Expenditures are already high and rising fast in Nepal. For FY2013, recurrent expenditure allocation is 68.9% of total budget of Rs 404.8 billion. While capital expenditure allocation as well as actual expenditure is declining, recurrent expenditures are rising (thanks to sharp upward revision of public sector wages, cost escalation due to high inflation among others, ad hoc spending programs in the post-conflict situation, increasing subsidies that are not well targeted to reach the real beneficiaries, etc) very fast. It could very well be unsustainable, leading to widening of budget deficit and destabilizing the macroeconomic balance maintained thus far.
At the core of it, the tax revenue (Rs 212.2 billion in FY2012) Nepal is generating might not be even sufficient to cover recurrent expenditures (Rs 243.5 billion in FY2012). The financing of capital expenditure (Rs 51.4 billion)— which is the one that contributes to building productive capacities to stimulate economic activities and generate more job opportunities— is declining, and largely financed by donors. Growth is mostly driven by agriculture (dependent largely on monsoon) and services (driven largely by remittances-backed consumption) sectors. The rising recurrent expenditure has little impact on growth. The one that could is capital expenditure (think of construction sector, financial intermediation, etc.), which, unfortunately, is declining. Below, I present some interesting charts. Readers make their own judgment.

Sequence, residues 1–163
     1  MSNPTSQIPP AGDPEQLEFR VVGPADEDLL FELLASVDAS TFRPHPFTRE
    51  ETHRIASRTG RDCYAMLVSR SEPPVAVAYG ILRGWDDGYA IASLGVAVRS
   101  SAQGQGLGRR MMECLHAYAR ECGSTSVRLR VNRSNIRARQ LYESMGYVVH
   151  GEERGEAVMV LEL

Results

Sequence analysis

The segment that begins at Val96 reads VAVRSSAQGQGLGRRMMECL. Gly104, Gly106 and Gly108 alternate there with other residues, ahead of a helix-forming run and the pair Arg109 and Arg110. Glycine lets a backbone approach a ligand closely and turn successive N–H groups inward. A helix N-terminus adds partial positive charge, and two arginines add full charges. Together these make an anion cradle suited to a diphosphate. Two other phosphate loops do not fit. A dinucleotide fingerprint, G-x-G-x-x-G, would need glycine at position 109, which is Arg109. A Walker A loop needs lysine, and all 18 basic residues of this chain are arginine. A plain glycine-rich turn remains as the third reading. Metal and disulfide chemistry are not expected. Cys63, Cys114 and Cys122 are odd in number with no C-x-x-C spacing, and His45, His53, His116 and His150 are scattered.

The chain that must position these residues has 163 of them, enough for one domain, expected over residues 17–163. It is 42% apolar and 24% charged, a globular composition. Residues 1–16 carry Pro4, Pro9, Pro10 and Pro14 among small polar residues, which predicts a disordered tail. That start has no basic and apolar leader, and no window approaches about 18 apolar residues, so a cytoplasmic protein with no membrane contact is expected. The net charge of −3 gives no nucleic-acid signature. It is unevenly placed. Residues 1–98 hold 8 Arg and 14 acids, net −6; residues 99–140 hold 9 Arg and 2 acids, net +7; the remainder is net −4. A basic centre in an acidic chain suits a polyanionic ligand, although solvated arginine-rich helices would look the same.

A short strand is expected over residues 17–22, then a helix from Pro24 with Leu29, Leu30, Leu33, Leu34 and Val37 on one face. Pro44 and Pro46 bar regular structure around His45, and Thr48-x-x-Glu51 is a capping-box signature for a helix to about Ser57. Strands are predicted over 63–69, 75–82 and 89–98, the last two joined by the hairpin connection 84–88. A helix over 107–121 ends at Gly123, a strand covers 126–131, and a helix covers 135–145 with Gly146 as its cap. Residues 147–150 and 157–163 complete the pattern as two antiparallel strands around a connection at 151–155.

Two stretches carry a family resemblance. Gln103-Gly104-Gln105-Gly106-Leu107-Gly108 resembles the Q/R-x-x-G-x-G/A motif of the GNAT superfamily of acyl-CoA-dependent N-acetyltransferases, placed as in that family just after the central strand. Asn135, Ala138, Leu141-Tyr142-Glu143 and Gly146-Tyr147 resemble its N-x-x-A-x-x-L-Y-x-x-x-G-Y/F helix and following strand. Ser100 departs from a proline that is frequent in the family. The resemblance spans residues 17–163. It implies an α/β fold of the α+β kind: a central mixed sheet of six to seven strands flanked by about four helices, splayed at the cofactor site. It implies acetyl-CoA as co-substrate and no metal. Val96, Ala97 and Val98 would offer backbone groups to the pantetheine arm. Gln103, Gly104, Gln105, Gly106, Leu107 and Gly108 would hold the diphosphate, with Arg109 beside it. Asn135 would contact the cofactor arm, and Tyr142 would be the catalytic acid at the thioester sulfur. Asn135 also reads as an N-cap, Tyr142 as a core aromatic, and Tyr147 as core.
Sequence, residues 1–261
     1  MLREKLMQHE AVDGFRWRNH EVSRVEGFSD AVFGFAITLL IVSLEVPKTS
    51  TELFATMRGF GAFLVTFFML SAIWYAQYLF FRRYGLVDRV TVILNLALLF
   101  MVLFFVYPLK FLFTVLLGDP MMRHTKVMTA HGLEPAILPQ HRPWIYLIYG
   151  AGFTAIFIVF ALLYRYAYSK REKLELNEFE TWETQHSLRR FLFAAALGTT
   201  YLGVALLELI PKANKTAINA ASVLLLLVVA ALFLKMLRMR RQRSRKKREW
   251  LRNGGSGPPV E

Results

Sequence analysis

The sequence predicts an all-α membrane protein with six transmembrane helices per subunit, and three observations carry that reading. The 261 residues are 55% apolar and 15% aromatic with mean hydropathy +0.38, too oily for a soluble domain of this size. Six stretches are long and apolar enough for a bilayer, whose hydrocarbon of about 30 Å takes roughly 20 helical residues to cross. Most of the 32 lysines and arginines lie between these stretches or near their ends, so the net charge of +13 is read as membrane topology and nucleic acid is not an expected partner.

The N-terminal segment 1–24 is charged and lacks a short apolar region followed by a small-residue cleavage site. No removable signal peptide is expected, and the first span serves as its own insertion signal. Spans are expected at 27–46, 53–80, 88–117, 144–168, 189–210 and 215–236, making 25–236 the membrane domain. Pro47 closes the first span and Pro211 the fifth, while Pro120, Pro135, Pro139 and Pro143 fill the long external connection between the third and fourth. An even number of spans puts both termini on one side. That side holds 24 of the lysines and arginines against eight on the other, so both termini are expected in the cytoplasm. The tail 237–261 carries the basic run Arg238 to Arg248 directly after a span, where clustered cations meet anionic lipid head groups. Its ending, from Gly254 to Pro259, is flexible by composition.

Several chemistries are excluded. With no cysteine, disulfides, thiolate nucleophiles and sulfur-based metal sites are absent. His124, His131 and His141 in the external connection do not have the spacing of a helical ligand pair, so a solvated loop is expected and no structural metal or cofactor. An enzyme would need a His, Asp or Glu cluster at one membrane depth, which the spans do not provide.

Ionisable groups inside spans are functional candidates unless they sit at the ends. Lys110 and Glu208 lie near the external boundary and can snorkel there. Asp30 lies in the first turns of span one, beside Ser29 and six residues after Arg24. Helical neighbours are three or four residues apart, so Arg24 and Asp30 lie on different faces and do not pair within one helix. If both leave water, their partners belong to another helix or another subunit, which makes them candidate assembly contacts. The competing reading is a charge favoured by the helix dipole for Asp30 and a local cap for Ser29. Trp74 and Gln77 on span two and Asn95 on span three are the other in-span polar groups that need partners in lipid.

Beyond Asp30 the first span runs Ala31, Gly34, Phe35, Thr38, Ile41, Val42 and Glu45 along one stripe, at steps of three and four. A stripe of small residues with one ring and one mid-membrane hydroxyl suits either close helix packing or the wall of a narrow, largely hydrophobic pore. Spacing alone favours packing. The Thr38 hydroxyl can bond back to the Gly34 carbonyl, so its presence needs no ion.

Recurrent expenditure as a share of total actual expenditure was 76.3% in FY2012, up from 61% in FY2002. However, capital expenditure as a share of total actual expenditure declined to 16.1% in FY2012 from 30.9% in FY2002. Similarly, as a share of total budget allocation, recurrent expenditure allocation jumped from 49.4% in FY2002 to 69.3% in FY2012 and capital expenditure allocation dropped from 50.6% in FY2002 to 24.1% in FY2012 (its 16.3% in FY2013).
Looking at the growth rates, recurrent expenditure grew on an average between FY2008-FY2012) by 26.3% and capital expenditure by 14.6%. Over the same period, revenue (tax and non-tax) grew by 23.4% (overall revenue including grants grew by 22.9%). It would be hard to manage finances if expenditure growth continues to outpace revenue growth, which is largely backed by increase in tax revenue mobilization on consumption of imported goods (VAT, customs, excise, etc).
As a share of GDP, total expenditure was 20.8% of GDP (recurrent and capital expenditures were 15.9% and 3.3%, respectively) and revenue was also around 15.9% of GDP. Total trade deficit (including grants) in FY2012 was about 2.2% of GDP.